Anglo-Saxon culture of Britain. Their name comes from having lived in the region of Colston, a parish in the county of Nottingham.
Early Origins of the Cooullson family
Northumberland where they held a family seat from very ancient times.
Early History of the Cooullson family
Another 225 words (16 lines of text) covering the years 1090, 1200, 1379, 1680, 1760 and 1722 are included under the topic Early Cooullson History in all our PDF Extended History products and printed products wherever possible.
Cooullson Spelling Variations
hundred years, the English language lacked any comprehensive system of spelling rules. Consequently, spelling variations in names are frequently found in early Anglo-Saxon and later Anglo-Norman documents. One person's name was often spelled several different ways over a lifetime. The recorded variations of Cooullson include Coulson, Colson, Colsune, Colsoun, Colsoune, Culson, Culsoune, Cullson, Collson, Coullson, Collsoun and many more.
Early Notables of the Cooullson family (pre 1700)
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Migration of the Cooullson family to the New World and Oceana
Thousands of English families boarded ships sailing to the New World in the hope of escaping the unrest found in England at this time. Although the search for opportunity and freedom from persecution abroad took the lives of many because of the cramped conditions and unsanitary nature of the vessels, the opportunity perceived in the growing colonies of North America beckoned. Many of the settlers who survived the journey went on to make important contributions to the transplanted cultures of their adopted countries. The Cooullson were among these contributors, for they have been located in early North American records: John Coulson who settled in Hampstead, Connecticut, in the year 1666; John Coulson settled in Fort Cumberland, Nova Scotia in 1774; and Adam Colson settled in Reading sometime before 1668.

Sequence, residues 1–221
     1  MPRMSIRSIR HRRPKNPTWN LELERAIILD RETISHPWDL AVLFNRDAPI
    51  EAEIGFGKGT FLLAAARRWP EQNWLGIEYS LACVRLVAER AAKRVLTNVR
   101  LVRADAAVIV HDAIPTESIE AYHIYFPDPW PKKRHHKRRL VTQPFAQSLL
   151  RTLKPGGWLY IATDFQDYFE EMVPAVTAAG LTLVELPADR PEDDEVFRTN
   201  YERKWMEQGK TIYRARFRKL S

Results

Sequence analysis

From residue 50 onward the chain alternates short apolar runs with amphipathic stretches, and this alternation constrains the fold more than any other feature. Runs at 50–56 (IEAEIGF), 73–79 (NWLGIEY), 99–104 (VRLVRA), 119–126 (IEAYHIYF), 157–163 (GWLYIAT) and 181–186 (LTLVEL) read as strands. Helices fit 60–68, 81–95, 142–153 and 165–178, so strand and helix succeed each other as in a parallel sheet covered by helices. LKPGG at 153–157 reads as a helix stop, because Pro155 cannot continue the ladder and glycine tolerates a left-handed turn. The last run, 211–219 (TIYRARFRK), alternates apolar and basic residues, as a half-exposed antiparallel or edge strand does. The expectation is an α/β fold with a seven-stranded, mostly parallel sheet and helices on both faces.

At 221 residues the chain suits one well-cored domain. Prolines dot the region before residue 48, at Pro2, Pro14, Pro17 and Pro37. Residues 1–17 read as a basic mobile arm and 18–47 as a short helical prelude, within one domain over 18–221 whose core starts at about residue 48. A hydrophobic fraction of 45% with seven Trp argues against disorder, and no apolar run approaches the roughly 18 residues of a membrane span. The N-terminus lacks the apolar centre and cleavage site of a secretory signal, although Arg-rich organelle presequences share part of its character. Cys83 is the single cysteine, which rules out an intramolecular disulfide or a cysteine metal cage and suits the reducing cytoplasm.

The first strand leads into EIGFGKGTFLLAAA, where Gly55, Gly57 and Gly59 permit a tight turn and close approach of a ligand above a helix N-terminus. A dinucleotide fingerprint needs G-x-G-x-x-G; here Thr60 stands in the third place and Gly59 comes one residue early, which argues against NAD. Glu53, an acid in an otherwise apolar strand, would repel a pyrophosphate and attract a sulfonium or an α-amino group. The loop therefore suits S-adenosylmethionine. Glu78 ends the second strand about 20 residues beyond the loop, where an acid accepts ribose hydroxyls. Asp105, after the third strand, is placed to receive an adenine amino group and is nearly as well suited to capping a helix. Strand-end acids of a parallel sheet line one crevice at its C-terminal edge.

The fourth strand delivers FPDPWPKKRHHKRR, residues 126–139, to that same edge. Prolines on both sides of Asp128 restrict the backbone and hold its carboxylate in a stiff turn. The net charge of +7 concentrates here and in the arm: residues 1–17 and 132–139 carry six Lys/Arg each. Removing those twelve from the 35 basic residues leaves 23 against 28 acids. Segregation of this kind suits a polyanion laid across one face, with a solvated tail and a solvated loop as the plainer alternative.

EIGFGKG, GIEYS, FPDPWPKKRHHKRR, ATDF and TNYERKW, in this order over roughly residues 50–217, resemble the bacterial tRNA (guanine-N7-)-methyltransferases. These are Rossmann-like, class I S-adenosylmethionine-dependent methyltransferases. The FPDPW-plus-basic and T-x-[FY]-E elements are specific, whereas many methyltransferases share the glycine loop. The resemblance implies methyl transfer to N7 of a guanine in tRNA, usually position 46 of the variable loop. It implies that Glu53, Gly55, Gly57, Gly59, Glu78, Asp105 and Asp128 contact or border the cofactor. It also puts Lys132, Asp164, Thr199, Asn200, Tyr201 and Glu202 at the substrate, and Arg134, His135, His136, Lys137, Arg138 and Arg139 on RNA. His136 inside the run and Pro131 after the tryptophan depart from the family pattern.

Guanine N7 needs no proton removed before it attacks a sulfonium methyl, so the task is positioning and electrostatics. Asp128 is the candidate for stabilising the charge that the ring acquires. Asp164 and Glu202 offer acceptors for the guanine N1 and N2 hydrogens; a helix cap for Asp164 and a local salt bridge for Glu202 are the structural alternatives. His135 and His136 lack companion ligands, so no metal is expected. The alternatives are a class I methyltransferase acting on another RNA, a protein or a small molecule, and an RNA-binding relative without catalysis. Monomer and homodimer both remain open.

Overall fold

The Cooullson Motto
The motto was originally a war cry or slogan. Mottoes first began to be shown with arms in the 14th and 15th centuries, but were not in general use until the 17th century. Thus the oldest coats of arms generally do not include a motto. Mottoes seldom form part of the grant of arms: Under most heraldic authorities, a motto is an optional component of the coat of arms, and can be added to or changed at will; many families have chosen not to display a motto.
Motto: Je mourrai pour ceux que j'aime
Motto Translation: I would die for those I love.
Cooullson Family Crest Products